Did Your Tree Survive the Winter? These Are the Signs to Look For

By April 9, 2020June 23rd, 2020Tree Removal
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The species of trees native to Colorado are hardy and adept at weathering harsh winters. However, spring blizzards and windstorms pose a much greater risk to dead and dried out tree wood. It is important to spot the signs of a dead or dying tree early so that it can be addressed before it becomes a hazard.

Spotting Dead Trees For Professional Removal

Dead trees become dry and brittle making them far more likely to fall during a spring blizzard or windstorm, particularly once the root system is compromised. The removal of dead or dying trees will reduce the hazard of the tree falling and causing damage to a roof, vehicle, or other structure. Hiring a professional tree removal service for this is important for safety reasons.

Dead limbs pose a similar hazard because they snap much more easily and can fall some distance to land on structures below. Dead tree branch removal not only mitigates the hazard of it falling, but it also encourages healthy growth throughout the rest of the tree.

Colorado’s dry winters and fluctuating temperatures can be tough on trees and shrubs. A long winter may be particularly rough on a tree that is already unhealthy. Trees become dormant in the winter in order to conserve water and to keep their cells from freezing.

Trees wake up from dormancy when the temperatures start to change, so a late spring may make it more difficult to tell if a tree is dead or just still dormant. Luckily there are a few markers to look for through the winter and spring.

These are the signs to look for to determine whether your tree is dead, or whether it is still in winter dormancy:
  1. Tree Buds

tree inspection colorado springsTree buds are most obvious in the spring as they swell and turn green and become ready to open up, however, these buds actually form in the fall and can be spotted throughout the winter. If the leaves on your tree haven’t formed yet, look for the buds.

On a healthy tree you will be able to spot them at the tips of tree branches.

A tree limb that does not have buds is most likely dead. Look for whether the whole tree is missing buds, or whether just a few branches are bare.

A tree may have formed buds before dying. The best way to check if this is the case is to see if the branches are brittle and break easily.

  1. Leaves and Branches

A healthy tree branch will be pliable when bent and the leaves will have fallen from the tree completely in the autumn, leaving only the sleeping buds.

Clinging dead brown leaves indicate dead branches. A dead branch is dried out and will snap much more easily.

These may require removal by a tree professional both for the health and future growth of the tree, and to decrease the hazard of dead branches breaking and falling on structures below.

  1. The Bark

A healthy tree will have a layer of green inner bark beneath the outer layer of brown bark. The best way to test this is to scratch away the top layer of bark to see if it is bright green and soft underneath, or brown and brittle.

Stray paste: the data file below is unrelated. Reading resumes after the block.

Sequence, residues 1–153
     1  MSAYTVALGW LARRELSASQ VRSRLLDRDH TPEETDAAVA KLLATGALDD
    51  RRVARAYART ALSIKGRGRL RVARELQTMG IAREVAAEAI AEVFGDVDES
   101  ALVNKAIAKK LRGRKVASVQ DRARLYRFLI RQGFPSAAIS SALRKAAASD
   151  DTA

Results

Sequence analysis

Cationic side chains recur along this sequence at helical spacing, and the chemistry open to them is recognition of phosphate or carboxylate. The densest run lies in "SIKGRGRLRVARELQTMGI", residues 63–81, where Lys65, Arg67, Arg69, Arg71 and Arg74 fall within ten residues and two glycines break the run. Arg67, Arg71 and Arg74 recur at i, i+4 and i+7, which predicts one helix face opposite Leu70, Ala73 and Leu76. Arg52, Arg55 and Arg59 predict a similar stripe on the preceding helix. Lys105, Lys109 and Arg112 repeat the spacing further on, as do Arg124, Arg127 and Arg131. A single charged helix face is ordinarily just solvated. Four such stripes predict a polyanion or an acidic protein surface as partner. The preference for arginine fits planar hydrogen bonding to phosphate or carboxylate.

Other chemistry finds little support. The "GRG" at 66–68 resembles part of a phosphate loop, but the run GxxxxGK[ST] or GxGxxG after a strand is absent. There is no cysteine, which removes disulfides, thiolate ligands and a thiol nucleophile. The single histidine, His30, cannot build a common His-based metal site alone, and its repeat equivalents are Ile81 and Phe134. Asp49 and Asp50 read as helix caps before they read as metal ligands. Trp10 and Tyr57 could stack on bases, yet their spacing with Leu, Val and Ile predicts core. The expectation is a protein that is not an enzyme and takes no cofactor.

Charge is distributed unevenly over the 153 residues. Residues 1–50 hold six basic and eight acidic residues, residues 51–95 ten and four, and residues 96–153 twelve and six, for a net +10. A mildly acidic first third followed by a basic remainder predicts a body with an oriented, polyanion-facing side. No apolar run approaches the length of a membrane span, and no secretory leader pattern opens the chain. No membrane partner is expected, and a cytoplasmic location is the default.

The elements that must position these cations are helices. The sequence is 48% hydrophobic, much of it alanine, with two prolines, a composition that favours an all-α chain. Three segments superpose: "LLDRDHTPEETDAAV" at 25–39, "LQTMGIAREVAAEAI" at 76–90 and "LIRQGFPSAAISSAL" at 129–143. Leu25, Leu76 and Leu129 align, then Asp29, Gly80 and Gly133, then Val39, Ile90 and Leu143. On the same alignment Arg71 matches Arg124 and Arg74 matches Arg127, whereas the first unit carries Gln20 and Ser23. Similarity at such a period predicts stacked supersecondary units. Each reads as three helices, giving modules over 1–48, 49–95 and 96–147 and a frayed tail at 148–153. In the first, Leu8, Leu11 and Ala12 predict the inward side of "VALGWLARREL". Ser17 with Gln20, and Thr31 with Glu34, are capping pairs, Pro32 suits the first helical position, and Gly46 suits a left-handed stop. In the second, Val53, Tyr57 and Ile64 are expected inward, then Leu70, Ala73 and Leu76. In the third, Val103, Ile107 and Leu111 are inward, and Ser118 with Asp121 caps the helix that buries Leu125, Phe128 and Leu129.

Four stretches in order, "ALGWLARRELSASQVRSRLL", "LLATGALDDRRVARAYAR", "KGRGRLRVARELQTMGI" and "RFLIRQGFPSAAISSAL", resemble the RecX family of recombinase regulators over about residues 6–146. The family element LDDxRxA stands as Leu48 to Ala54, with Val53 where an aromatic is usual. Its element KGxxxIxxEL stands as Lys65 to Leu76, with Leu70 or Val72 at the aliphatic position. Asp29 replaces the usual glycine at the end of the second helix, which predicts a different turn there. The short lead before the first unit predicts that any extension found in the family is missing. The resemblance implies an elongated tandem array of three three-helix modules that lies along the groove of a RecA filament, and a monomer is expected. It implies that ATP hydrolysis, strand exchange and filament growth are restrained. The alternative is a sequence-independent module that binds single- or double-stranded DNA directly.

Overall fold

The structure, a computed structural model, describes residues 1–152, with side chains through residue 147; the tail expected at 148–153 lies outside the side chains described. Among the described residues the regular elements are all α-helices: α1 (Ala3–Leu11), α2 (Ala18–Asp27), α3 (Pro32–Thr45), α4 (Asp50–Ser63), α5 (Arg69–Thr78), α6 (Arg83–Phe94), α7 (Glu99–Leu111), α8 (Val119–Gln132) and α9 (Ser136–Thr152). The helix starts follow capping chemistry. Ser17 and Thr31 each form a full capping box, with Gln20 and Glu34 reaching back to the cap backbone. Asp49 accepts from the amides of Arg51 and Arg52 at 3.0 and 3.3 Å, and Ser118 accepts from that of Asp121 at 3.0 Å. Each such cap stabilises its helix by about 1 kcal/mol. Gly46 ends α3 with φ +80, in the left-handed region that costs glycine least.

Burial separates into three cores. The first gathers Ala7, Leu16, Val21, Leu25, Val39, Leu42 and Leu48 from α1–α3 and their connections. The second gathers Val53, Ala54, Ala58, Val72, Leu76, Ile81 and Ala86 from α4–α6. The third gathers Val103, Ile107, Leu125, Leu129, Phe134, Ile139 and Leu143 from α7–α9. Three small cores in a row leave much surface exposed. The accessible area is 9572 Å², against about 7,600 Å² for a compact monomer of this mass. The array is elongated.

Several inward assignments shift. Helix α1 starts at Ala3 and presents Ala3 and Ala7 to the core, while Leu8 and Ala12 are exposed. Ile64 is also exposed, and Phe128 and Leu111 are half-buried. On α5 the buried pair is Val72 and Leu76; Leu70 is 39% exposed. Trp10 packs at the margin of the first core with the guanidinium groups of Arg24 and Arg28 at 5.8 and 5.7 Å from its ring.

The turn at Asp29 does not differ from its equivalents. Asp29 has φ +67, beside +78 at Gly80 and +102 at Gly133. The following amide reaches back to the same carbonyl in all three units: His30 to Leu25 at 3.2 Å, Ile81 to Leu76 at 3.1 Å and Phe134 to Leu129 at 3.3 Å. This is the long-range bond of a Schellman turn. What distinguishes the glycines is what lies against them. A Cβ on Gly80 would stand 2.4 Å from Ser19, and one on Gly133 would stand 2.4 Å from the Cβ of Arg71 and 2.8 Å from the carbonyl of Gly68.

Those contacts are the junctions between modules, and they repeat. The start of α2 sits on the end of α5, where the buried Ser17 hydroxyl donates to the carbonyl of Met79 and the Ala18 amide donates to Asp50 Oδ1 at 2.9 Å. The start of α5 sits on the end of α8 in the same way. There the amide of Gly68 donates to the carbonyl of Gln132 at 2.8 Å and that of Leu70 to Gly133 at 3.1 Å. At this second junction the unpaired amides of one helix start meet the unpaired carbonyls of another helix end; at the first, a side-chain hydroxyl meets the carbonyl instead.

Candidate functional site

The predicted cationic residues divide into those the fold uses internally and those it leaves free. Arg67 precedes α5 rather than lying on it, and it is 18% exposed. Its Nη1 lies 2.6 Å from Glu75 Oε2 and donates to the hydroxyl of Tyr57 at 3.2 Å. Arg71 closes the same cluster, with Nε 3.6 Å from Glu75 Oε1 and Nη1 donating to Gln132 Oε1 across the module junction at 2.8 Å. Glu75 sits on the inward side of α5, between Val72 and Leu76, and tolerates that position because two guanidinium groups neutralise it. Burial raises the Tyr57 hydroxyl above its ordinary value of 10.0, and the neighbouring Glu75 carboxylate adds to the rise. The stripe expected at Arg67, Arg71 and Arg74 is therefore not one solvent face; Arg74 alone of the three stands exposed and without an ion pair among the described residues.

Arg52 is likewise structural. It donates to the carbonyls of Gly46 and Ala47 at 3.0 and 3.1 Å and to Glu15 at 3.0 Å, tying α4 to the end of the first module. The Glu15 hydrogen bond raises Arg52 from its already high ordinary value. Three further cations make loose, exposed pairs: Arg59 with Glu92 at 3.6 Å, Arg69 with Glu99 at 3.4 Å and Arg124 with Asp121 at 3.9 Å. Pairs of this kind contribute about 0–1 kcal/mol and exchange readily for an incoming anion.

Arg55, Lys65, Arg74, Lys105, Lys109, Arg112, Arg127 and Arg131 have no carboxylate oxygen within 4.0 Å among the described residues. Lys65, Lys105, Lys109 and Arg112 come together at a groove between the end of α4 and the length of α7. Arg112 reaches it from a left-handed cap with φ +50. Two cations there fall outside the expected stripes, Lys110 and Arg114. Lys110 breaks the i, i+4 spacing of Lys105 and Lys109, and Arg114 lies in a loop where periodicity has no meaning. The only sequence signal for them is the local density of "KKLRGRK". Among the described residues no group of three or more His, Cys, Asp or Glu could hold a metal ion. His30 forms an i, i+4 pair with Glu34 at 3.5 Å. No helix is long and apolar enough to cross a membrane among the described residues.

If bark has fallen off of the tree leaving smooth wood underneath it exposed, this is also an indicator that the tree is dead or dying because a healthy tree will replace the missing bark. Tree branches with missing bark are more susceptible to breaking without proper removal.

  1. The Roots

A healthy root system is the most important factor to the overall health of the tree. Strong healthy roots keep water and nutrients moving through the tree and they keep the tree standing upright even through blizzards and windstorms.

If the tree is leaning to one side or if the wood at the base of the tree is soft and spongy, this may indicate root rot. If the soil around the larger roots is raised or cracked this may indicate that the tree is starting to uproot.

When the root system becomes compromised the tree is far more likely to snap and break, or even uproot and fall completely in a blizzard or strong wind. It is important to have a tree with root damage professionally removed to prevent the hazard of the whole tree falling.

  1. Fungus

While not all fungus is harmful to your tree, the presence of fungus can be a red flag. The wood in a dead tree can become soft and decayed which encourages additional fungus growth. Fungus growth on the outside of a tree may indicate rot on the inside of the tree.

If you find that mushrooms have formed at the base of the tree this may indicate rot. Some types of fungus feed on the tree increasing the speed of the decay process. The best way to gauge whether the tree fungus is harming the tree is to have it looked at by a tree care professional.

 

Keeping your yard healthy and thriving not only adds to the aesthetic appeal of your property, but it also prevents unnecessary risk of damage to a roof or vehicles. If you are seeing signs that your tree may be dead or dying it is best to have a tree removal expert assess the tree to determine what needs to be done. While sometimes an unhealthy tree may be able to bounce back with proper care, it is important that dead trees and branches are removed professionally before a strong wind removes them naturally.

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